Dark Fate often feels too much like Terminator karaoke, with several callbacks to the first two films peppered throughout the two hour feature. For example, early on Luna’s Rev-9 is crushed in a hydraulic press and an opening chase sequence is eerily reminiscent of a similar moment in T2. Hell the final damn frame of the movie mimics the end of the first film almost exactly. There’s a difference between callbacks and lazy writing and unfortunately Dark Fate crosses that line repeatedly. No less than five people are credited with the story so I probably don’t have to remind you of the old adage about an exorbitant number of cooks in the kitchen. In addition, these same chefs make a narrative choice in the first ten minutes of the film that is sure to piss a lot of people off. I won’t spoil it here, but suffice it to say it’s something I’m still wrestling with. Furthermore, the film contains many convenient Mexican cliches like Dani’s brother’s aspirations to be a Latin pop singer or the fact that Dani’s uncle just happens to be a coyote adept at getting people across the border. Honestly, it’s a little insulting and casually racist.
Moreover, the action never possesses the urgency and stakes of the first two films. Part of this is due to the fact that there is entirely too much CGI in the movie where practical effects would have served better. While the action is relentlessly high octane and intense (especially the last twenty minutes or so) Terminator: Dark Fate just seems to hop from action sequence, to exposition, and back again. It too often comes off formulaic. However, the action does manage to entertain, even if it never approaches the level of the first two movies.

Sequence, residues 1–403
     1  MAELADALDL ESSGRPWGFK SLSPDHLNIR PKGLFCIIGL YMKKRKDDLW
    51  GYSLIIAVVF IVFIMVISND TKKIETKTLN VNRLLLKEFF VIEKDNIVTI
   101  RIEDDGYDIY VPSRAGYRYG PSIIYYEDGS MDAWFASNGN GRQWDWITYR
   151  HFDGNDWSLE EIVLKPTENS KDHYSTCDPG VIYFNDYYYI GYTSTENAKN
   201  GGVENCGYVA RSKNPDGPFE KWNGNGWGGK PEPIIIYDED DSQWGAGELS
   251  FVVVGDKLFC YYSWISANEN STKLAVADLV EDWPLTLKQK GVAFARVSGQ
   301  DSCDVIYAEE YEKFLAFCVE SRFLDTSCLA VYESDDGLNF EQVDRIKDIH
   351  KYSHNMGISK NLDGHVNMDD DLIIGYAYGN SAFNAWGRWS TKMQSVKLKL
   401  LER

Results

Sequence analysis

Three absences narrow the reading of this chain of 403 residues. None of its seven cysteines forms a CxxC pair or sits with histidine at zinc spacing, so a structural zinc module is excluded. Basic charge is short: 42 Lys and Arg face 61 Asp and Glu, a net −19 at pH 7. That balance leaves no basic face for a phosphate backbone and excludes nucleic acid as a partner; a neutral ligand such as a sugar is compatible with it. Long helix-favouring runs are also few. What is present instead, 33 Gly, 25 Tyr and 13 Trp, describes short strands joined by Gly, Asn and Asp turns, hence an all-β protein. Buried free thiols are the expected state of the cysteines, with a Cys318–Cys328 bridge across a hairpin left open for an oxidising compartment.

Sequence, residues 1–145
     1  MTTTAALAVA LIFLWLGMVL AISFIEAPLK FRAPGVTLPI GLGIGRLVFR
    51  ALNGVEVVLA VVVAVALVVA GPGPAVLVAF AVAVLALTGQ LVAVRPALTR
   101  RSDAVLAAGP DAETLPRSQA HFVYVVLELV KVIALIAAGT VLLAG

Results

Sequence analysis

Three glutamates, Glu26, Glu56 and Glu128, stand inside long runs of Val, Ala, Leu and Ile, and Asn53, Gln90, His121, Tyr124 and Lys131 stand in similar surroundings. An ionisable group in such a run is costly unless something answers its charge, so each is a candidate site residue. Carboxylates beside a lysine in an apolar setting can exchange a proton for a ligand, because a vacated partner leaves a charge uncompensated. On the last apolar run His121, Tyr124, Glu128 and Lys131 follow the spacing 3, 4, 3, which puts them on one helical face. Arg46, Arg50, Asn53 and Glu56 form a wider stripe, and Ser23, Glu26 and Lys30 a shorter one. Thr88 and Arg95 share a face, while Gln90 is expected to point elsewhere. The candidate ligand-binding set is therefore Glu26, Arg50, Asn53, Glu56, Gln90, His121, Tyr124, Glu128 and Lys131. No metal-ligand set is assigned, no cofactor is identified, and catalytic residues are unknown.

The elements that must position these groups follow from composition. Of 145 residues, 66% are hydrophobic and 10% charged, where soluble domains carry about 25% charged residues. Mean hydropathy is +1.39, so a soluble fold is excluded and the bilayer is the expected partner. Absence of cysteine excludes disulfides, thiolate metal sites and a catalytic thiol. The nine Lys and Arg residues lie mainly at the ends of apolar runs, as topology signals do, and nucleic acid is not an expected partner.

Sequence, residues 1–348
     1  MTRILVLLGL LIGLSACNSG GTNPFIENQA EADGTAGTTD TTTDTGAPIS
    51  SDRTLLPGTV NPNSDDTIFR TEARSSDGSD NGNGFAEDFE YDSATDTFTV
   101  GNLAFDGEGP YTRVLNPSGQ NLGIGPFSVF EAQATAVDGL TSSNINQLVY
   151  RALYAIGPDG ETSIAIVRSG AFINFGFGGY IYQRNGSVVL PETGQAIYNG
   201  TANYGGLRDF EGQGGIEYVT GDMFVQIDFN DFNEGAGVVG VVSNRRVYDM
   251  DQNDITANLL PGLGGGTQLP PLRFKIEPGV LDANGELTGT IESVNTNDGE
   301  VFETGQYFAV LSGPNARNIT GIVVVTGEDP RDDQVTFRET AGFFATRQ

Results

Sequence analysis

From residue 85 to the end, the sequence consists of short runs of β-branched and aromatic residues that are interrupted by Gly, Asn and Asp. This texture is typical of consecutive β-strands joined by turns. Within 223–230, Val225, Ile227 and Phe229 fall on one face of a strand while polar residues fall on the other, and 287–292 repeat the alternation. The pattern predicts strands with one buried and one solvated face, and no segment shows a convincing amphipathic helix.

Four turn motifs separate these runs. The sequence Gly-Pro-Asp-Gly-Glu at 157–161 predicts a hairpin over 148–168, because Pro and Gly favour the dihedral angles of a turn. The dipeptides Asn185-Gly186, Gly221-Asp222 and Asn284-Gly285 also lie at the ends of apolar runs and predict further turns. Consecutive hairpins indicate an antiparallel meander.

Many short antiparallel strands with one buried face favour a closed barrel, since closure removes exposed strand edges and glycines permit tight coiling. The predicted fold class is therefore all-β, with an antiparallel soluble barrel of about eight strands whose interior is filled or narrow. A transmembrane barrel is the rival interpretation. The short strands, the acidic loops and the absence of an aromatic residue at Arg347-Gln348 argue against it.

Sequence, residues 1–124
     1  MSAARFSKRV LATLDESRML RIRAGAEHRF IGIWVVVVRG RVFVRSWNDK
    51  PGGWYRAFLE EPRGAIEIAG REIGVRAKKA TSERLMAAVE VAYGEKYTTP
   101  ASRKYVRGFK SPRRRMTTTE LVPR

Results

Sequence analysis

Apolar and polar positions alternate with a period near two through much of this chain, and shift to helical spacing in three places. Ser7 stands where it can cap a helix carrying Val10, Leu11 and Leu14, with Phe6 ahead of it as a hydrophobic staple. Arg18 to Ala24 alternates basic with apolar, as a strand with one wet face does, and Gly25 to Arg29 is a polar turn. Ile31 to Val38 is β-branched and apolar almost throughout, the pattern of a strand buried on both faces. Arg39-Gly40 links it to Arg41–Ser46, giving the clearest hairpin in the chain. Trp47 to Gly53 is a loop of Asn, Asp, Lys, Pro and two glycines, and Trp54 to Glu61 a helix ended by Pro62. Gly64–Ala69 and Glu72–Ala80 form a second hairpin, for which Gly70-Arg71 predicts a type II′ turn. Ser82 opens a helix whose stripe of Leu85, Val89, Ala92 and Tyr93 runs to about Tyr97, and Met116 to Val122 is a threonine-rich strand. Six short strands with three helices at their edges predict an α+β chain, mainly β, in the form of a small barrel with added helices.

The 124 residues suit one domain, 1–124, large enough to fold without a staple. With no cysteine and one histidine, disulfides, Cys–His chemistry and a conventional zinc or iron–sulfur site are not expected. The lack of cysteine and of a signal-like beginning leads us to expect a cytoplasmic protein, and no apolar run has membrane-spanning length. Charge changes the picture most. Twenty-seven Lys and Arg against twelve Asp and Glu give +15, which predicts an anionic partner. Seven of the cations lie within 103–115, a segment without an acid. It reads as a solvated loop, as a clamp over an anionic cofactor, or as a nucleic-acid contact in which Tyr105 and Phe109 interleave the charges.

Where Terminator: Dark Fate does succeed is with the cast. Linda Hamilton crushes it as Sarah Connor once again. In the intervening years Sarah has suffered great personal loss and is now more machine than human. Her appearance is worth the price of admission alone. Arnold Schwarzenegger is just as good as the T-800, delivering a more nuanced performance than in past entries. Ironically, where as Connor has become more machine-like, Arnold’s T-800 (or Carl if you will) has become more human, going so far as to have a family and his own drapery business. Schwarzenegger is also pretty damn funny in the role and even at seventy-two gets plenty of opportunity to flex his action muscles. Unfortunately, the mental gymnastics the writers go through to justify his presence in the film is a little bit beyond the pale.
Mackenzie Davis also makes for a nice addition to the franchise. Her Grace is reminiscent of both Kyle Reese (Michael Biehn) from the original and the Sarah Connor of T2. An augmented super-soldier from the future, Grace has the interesting trait of being able to engage intensely in combat for a specific amount of time before wearing down and requiring medication. My only issue is that Grace kind of takes a backseat to Sarah Connor once Connor arrives on the scene. Reyes does the best she can with what she’s given, however her Dani is a pale imitation of Sarah Connor from the first Terminator or Edward Furlong from Judgment Day. Her connection to Grace, and Dani’s significance in the grand scheme of things is patently obvious to anyone with half a brain. Luna also never exudes the level of menace that Arnold Schwarzenegger or Robert Patrick displayed. Those two were terrifying, whereas Luna never attains anything beyond creepy.
While Terminator: Dark Fate occasionally offers moments of glory and is certainly better than the last few entries in the franchise, Tim Miller’s film can’t hold a candle to the first two movies. With the sixth entry for Paramount Pictures primed to lose over $100 million at the box office, it’s high time this franchise finally be terminated.
My rating System:
0-1 God Awful Blind Yourself With Acid Bad
2 Straight Garbage
4 Sub Par
8 Very Good
10 A Must See
Terminator: Dark Fate: 6/10